The best hope for improving the lot of all women, and for closing what Wolfers and Stevenson call a “new gender gap”—measured by well-being rather than wages—is to close the leadership gap: to elect a woman president and 50 women senators; to ensure that women are equally represented in the ranks of corporate executives and judicial leaders. Only when women wield power in sufficient numbers will we create a society that genuinely works for all women. That will be a society that works for everyone.
Let’s briefly examine the stories we tell ourselves, the clichés that I and many other women typically fall back on when younger women ask us how we have managed to “have it all.” They are not necessarily lies, but at best partial truths. We must clear them out of the way to make room for a more honest and productive discussion about real solutions to the problems faced by professional women.
It’s possible if you are just committed enough.
Our usual starting point, whether we say it explicitly or not, is that having it all depends primarily on the depth and intensity of a woman’s commitment to her career. That is precisely the sentiment behind the dismay so many older career women feel about the younger generation. They are not committed enough, we say, to make the trade-offs and sacrifices that the women ahead of them made.
Yet instead of chiding, perhaps we should face some basic facts. Very few women reach leadership positions. The pool of female candidates for any top job is small, and will only grow smaller if the women who come after us decide to take time out, or drop out of professional competition altogether, to raise children. That is exactly what has Sheryl Sandberg so upset, and rightly so. In her words, “Women are not making it to the top. A hundred and ninety heads of state; nine are women. Of all the people in parliament in the world, 13 percent are women. In the corporate sector, [the share of] women at the top—C-level jobs, board seats—tops out at 15, 16 percent.”
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Can “insufficient commitment” even plausibly explain these numbers? To be sure, the women who do make it to the top are highly committed to their profession. On closer examination, however, it turns out that most of them have something else in common: they are genuine superwomen. Consider the number of women recently in the top ranks in Washington—Susan Rice, Elizabeth Sherwood-Randall, Michelle Gavin, Nancy-Ann Min DeParle—who are Rhodes Scholars. Samantha Power, another senior White House official, won a Pulitzer Prize at age 32. Or consider Sandberg herself, who graduated with the prize given to Harvard’s top student of economics. These women cannot possibly be the standard against which even very talented professional women should measure themselves. Such a standard sets up most women for a sense of failure.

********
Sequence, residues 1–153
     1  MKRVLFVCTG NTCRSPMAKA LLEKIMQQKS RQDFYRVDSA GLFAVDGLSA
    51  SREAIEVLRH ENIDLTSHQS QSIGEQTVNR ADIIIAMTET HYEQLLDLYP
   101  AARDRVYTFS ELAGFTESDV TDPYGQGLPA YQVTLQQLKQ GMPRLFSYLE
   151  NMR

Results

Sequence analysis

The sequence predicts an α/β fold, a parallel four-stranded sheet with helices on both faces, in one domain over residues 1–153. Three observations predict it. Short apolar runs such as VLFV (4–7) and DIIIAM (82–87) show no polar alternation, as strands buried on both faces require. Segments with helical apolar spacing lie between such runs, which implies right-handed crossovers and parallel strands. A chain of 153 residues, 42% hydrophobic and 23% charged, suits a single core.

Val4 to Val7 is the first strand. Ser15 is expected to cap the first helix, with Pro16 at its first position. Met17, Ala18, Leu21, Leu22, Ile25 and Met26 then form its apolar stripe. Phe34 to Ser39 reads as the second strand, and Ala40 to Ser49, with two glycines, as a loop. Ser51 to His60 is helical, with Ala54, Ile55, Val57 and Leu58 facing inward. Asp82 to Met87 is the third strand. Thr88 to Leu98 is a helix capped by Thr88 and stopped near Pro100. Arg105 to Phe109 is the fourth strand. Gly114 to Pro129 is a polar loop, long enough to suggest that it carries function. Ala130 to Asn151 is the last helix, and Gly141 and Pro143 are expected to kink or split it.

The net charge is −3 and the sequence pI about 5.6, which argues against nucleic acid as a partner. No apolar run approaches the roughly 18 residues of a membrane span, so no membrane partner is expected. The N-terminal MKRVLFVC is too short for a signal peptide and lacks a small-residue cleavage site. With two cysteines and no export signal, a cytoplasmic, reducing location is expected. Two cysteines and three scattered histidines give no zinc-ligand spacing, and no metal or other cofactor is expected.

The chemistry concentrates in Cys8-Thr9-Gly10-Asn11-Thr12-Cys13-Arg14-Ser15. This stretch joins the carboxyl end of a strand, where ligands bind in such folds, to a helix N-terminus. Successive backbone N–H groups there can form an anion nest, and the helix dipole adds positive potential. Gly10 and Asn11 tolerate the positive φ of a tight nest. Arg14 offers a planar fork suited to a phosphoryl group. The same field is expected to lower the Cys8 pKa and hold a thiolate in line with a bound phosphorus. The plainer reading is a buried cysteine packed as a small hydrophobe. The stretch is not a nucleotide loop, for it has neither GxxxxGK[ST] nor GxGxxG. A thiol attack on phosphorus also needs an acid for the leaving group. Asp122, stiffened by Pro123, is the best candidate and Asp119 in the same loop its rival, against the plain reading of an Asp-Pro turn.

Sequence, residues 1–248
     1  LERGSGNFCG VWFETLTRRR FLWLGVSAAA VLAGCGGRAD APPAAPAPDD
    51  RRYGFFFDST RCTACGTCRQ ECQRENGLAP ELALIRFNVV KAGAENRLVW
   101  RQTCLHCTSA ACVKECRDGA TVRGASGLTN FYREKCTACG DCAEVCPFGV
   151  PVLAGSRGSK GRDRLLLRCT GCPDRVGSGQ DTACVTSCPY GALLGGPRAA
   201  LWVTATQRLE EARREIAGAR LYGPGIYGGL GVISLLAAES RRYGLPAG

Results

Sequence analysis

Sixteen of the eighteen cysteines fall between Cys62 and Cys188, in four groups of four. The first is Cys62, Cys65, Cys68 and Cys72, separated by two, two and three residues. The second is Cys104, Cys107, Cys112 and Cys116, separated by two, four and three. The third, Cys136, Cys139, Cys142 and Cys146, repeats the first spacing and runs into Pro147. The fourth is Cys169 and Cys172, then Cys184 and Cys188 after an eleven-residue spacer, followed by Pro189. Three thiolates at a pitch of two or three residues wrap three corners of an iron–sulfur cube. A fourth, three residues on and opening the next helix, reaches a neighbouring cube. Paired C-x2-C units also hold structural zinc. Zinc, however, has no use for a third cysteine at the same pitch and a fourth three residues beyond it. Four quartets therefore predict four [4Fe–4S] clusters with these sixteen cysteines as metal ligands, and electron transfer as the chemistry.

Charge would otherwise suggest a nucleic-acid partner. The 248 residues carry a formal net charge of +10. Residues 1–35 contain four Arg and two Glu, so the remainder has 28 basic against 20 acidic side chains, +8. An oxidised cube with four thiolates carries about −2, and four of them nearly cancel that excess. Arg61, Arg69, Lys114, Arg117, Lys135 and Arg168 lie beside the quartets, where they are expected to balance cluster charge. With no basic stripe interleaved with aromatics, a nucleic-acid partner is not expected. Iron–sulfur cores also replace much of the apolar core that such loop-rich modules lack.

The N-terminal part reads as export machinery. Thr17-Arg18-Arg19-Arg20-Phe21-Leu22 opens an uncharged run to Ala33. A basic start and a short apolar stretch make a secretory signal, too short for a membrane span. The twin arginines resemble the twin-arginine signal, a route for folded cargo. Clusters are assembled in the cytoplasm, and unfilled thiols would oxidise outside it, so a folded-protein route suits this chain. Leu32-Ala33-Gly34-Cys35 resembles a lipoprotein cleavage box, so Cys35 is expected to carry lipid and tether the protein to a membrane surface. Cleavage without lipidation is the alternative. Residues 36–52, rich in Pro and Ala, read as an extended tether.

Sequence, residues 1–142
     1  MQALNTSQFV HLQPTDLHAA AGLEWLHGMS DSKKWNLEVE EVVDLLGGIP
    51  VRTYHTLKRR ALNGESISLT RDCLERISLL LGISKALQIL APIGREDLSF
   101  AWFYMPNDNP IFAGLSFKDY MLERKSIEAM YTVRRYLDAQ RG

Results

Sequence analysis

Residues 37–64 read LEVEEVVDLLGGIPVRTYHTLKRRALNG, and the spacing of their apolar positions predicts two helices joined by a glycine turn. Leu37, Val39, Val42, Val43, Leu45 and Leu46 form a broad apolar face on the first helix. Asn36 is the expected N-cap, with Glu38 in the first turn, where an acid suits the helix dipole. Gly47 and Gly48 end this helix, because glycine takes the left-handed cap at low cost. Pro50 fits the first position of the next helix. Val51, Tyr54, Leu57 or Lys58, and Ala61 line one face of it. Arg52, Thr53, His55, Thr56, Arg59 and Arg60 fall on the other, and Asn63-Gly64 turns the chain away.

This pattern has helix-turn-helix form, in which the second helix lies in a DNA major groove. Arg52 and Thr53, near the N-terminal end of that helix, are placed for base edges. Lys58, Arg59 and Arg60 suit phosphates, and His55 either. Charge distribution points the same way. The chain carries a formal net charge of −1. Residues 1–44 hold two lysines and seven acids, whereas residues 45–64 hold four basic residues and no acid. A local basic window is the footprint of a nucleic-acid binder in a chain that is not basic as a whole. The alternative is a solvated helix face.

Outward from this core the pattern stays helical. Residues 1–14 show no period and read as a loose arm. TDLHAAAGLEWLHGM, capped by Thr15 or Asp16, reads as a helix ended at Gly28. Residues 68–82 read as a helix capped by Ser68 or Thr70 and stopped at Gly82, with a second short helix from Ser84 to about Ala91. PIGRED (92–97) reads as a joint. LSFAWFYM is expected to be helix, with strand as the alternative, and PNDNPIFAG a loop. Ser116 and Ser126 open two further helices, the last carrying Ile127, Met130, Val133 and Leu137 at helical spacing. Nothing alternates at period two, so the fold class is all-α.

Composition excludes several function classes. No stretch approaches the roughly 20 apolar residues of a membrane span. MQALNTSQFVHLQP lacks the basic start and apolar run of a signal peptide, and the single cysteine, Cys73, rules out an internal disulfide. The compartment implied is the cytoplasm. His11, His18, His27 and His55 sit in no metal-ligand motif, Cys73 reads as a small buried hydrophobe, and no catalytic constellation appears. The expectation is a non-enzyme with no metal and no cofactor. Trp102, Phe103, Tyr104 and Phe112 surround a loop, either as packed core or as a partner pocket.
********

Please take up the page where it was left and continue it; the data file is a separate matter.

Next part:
What’s more, among those who have made it to the top, a balanced life still is more elusive for women than it is for men. A simple measure is how many women in top positions have children compared with their male colleagues. Every male Supreme Court justice has a family. Two of the three female justices are single with no children. And the third, Ruth Bader Ginsburg, began her career as a judge only when her younger child was almost grown. The pattern is the same at the National Security Council: Condoleezza Rice, the first and only woman national-security adviser, is also the only national-security adviser since the 1950s not to have a family.
The line of high-level women appointees in the Obama administration is one woman deep. Virtually all of us who have stepped down have been succeeded by men; searches for women to succeed men in similar positions come up empty. Just about every woman who could plausibly be tapped is already in government. The rest of the foreign-policy world is not much better; Micah Zenko, a fellow at the Council on Foreign Relations, recently surveyed the best data he could find across the government, the military, the academy, and think tanks, and found that women hold fewer than 30 percent of the senior foreign-policy positions in each of these institutions.
These numbers are all the more striking when we look back to the 1980s, when women now in their late 40s and 50s were coming out of graduate school, and remember that our classes were nearly 50-50 men and women. We were sure then that by now, we would be living in a 50-50 world. Something derailed that dream.
Sandberg thinks that “something” is an “ambition gap”—that women do not dream big enough. I am all for encouraging young women to reach for the stars. But I fear that the obstacles that keep women from reaching the top are rather more prosaic than the scope of their ambition. My longtime and invaluable assistant, who has a doctorate and juggles many balls as the mother of teenage twins, e-mailed me while I was working on this article: “You know what would help the vast majority of women with work/family balance? MAKE SCHOOL SCHEDULES MATCH WORK SCHEDULES.” The present system, she noted, is based on a society that no longer exists—one in which farming was a major occupation and stay-at-home moms were the norm. Yet the system hasn’t changed.